it took her just a bit more than an hour.

At that point, Alma turned to make the stuffing:
sausage, cornbread, broth and butter, nuts.
She pulled the neck and gizzard from the turkey,
(which, with the heart, she thought the sweetest cuts).

She filled the bird and stitched it tight for roasting,
then with a jar of cloves, she dressed the ham,
and pressed the honey from the comb she’d purchased,
to sweeten up her famous candied yams.

While collards stewed in bacon fat and bullion,
Alma snapped the beans and okra too,
then shucked the corn, (the Silver Queen she favored),
which, paired with shrimp, went in her Frogmore Stew.

By sunset, Alma’s work had been completed,
the family blessed their meal on bended knees.
An awkward silence followed, ‘til her son said
“How come there ain’t no Stouffer’s Mac an’ Cheese?”

Autumnal

Yeah, I know that the astronomical autumnal equinox happened the week before last, but from a “boots on the ground” standpoint, we’ve been just a bit behind the curve here. (As is often the case in Iowa. Zing!) But that’s changing now, and quickly. Our daily walks over the past few days have involved more clothing layers than usual, and occasional hats, and tonight we’ve got our first frost warning posted. I’m planning to do a long bike ride tomorrow (for this), and it looks like the temperature will be ~36º F when I get rolling. More layers!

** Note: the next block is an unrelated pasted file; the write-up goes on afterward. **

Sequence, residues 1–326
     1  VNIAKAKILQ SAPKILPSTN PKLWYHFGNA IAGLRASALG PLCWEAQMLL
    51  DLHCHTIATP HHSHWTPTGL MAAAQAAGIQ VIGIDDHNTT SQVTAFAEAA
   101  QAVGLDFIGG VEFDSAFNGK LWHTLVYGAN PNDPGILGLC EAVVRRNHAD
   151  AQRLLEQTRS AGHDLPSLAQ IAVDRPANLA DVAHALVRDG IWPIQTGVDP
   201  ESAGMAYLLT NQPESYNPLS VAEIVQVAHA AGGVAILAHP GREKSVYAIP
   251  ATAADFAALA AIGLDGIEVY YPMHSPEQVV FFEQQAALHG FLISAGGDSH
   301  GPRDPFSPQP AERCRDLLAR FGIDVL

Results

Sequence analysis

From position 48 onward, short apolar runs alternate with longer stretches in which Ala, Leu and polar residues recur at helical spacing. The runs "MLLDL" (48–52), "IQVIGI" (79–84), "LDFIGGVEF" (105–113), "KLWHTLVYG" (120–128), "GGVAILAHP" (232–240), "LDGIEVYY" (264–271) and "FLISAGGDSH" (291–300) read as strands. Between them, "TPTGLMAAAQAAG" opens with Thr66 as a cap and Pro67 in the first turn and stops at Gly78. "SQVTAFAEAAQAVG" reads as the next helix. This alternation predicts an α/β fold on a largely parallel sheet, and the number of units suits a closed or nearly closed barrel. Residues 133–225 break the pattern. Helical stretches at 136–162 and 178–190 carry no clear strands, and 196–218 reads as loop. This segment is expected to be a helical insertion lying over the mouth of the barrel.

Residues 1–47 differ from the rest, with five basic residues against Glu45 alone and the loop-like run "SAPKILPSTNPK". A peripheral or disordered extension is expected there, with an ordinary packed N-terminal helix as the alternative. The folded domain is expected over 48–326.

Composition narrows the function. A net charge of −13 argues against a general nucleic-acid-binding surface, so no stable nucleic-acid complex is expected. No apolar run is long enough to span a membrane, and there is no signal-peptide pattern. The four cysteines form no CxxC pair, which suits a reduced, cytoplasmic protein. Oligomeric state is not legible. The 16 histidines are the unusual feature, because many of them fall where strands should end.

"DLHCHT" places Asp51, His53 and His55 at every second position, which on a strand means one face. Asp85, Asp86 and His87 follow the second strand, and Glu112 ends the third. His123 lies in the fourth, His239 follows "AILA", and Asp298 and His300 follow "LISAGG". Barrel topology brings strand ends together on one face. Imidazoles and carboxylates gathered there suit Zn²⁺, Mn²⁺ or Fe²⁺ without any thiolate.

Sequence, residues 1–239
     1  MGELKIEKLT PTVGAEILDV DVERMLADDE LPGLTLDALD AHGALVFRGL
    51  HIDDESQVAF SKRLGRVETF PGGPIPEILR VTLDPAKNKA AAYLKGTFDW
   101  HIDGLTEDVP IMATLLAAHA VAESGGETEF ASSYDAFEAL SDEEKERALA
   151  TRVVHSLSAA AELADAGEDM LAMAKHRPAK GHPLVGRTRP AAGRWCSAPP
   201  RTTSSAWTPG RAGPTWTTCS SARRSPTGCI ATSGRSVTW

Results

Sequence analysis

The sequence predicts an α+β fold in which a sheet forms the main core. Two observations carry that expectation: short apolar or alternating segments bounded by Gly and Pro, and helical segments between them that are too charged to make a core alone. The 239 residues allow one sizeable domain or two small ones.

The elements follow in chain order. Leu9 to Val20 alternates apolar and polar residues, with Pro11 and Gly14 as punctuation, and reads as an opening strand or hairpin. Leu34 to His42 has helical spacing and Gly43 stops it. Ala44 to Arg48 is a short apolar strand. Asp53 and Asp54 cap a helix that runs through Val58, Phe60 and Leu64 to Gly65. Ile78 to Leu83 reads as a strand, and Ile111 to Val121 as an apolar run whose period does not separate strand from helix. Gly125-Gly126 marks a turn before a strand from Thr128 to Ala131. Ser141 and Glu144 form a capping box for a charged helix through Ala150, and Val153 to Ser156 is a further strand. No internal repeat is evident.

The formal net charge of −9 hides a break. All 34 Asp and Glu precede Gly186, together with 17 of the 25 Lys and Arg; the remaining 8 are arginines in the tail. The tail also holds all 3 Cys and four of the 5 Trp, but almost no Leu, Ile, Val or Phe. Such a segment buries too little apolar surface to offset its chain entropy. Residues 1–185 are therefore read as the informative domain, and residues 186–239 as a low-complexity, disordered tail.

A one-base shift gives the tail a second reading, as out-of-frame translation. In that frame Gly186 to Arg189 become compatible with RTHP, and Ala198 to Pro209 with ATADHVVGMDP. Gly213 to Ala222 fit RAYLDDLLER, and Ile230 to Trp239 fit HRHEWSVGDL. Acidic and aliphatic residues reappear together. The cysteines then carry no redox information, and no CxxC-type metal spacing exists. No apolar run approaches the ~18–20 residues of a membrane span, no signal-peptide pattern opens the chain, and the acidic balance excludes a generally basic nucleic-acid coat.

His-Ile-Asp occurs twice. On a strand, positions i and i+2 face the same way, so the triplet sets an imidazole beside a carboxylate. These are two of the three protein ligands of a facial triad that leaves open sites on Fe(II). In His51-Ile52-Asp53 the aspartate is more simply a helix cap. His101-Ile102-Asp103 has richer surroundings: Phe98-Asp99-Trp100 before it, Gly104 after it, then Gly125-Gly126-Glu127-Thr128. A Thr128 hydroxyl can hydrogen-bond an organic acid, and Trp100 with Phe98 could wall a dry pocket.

But that should be a short-term situation, as  today marks the three-week point before we load up the jalopy and move to Sedona, Arizona. Which means that unless global weirding queues up some particularly extreme and abnormal scenarios over the years ahead, 2020 should the last year that I spend dreading cold season, while trying to enjoy the pleasant elements of autumn. Not complaining. After 35+ years living in the frozen, damp, windy climes of Iowa, Chicago, Upstate New York and Idaho, I’m more than ready for a bit of year-round dry heat.